127

Here's my history for the folder 'somefolder'

$ git log somefolder

commit 89cd
More changes to somefolder

commit ef47a
Updating somefolder and other stuff

commit e095
Bugs fixed in somefolder

I want to revert somefolder back to the 'Bugs fixed in some folder" commit.

Since the second commit involved changes outside of somefolder, I don't want to revert this commit.

I guess the safest way would be to create a diff/patch between commit e095 and 89cd that applies just to some folder, and then apply that patch. How can I do that?

3 Answers 3

205

You can use git checkout to update your repository to a specific state.

git checkout e095 -- somefolder

As for your question about generating the diff, that would work too. Just generate the diff to go from your current state back to e095:

git diff 89cd..e095 -- somefolder
2
  • 40
    this doesn't remove files that were added in that commit, use git reset e095 -- some/folder instead
    – shime
    Jan 29, 2015 at 13:10
  • 9
    From git 2.22 you can use --no-overlay for git checkout so that tracked files that are not in commit you are checking out from will be removed. Jun 22, 2019 at 20:20
86

You can use git reset to reset the index which will also include removing files that were added in more recent commits (git checkout on it's own doesn't do this):

git reset e095 -- somefolder

However git reset doesn't update the working copy and the --hard option doesn't work with folders. So then use git checkout to make the working copy the same as the index:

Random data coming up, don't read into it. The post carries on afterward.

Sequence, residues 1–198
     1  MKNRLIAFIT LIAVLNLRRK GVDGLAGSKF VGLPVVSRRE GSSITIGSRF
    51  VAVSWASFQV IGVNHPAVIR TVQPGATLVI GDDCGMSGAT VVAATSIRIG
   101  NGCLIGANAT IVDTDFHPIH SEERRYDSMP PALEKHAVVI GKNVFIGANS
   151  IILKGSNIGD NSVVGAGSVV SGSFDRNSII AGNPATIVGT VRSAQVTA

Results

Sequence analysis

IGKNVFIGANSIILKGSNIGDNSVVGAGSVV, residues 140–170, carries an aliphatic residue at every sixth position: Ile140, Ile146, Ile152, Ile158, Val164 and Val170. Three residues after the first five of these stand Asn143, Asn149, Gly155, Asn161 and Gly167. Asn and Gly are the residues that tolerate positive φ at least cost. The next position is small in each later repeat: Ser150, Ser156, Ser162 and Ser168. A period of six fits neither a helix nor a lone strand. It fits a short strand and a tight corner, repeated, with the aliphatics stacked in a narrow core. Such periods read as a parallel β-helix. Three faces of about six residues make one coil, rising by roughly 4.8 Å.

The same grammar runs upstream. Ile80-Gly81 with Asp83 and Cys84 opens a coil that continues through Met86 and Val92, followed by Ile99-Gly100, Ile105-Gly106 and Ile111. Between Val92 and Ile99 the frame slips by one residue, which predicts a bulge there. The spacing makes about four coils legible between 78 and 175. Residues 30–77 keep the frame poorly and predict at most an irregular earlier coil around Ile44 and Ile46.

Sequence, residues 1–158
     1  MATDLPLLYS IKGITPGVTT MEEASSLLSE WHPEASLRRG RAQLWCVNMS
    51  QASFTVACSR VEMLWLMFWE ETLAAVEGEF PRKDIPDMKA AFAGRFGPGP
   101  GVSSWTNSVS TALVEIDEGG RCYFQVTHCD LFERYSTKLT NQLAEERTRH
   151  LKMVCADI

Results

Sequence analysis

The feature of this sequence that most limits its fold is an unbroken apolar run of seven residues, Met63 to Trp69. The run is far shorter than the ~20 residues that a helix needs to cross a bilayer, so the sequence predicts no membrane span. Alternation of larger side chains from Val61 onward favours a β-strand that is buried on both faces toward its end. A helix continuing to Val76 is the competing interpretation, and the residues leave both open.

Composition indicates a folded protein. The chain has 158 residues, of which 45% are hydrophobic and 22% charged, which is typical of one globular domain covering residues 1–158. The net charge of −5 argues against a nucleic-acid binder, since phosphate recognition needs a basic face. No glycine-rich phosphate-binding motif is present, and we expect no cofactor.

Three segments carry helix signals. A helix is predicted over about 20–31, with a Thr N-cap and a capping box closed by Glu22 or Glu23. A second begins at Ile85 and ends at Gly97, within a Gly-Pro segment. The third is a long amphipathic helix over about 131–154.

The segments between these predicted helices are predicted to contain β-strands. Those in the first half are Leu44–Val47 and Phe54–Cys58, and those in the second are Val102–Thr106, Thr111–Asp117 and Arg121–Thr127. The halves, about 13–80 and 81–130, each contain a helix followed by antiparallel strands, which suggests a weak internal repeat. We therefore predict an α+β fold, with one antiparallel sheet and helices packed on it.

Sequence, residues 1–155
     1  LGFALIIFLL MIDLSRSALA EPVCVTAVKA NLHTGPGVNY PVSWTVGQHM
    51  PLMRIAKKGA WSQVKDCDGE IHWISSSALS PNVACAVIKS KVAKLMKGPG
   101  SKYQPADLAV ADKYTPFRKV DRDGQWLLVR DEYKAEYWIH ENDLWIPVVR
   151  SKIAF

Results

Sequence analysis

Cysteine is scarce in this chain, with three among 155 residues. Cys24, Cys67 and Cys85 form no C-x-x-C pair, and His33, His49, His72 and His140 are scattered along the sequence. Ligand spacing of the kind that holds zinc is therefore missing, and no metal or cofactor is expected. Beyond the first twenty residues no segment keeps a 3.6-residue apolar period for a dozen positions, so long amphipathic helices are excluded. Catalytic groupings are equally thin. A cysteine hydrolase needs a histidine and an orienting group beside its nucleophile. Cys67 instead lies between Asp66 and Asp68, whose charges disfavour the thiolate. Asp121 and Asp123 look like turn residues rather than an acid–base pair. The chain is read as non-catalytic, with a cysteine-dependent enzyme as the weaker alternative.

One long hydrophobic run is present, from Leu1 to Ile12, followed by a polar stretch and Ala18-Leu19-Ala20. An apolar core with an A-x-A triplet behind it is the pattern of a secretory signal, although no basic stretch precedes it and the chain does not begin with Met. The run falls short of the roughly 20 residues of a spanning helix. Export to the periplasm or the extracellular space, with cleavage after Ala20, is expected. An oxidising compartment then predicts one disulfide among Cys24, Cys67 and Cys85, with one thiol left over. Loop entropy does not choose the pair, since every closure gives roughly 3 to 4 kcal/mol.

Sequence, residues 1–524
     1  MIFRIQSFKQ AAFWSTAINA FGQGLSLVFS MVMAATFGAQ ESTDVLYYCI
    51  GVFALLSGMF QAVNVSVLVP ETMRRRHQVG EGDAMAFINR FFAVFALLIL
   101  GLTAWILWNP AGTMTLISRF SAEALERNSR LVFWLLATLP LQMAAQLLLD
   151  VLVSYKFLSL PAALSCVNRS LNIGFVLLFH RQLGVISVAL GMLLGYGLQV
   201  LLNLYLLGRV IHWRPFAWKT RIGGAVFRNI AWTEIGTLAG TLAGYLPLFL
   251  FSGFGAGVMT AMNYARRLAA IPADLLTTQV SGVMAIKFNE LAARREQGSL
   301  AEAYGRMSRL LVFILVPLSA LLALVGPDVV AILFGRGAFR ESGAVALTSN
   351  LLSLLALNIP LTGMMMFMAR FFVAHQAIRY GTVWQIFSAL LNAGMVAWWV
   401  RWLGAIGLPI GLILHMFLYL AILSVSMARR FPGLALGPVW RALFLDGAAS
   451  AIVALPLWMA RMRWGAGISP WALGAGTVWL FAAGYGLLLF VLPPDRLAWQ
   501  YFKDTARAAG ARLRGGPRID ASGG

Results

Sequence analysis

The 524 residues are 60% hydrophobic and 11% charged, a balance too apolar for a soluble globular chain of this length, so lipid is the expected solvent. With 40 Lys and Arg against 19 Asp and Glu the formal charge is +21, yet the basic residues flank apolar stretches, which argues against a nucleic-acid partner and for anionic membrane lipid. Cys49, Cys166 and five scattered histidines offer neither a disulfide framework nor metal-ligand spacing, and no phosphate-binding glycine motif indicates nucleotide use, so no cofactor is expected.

git checkout -- somefolder

and then if you also want to remove any files added you also need todo:

git clean -fd somefolder
3
  • this answer works for me when the directory include new files.
    – Yahoho
    Oct 30, 2017 at 7:56
  • 3
    This answer is much better if you really want a clean snapshot of the repository at that time. Jun 22, 2018 at 4:09
  • Much much better indeed ! Jul 21, 2020 at 12:36
1

The git restore command is the command designed restore files and directories to the state they were in a different commit. If you specify a directory to restore, it will also remove files that were not present in the commit you are restoring from.

To restore the content of directory somefolder to the state it was in commit e095, you can run:

git restore -s e095 somefolder

By default, git restore restores content to the state it was in HEAD, but by using the -s switch (short for --source), we can restore content to the state it was in any commit.

Your Answer

By clicking “Post Your Answer”, you agree to our terms of service and acknowledge you have read our privacy policy.

Not the answer you're looking for? Browse other questions tagged or ask your own question.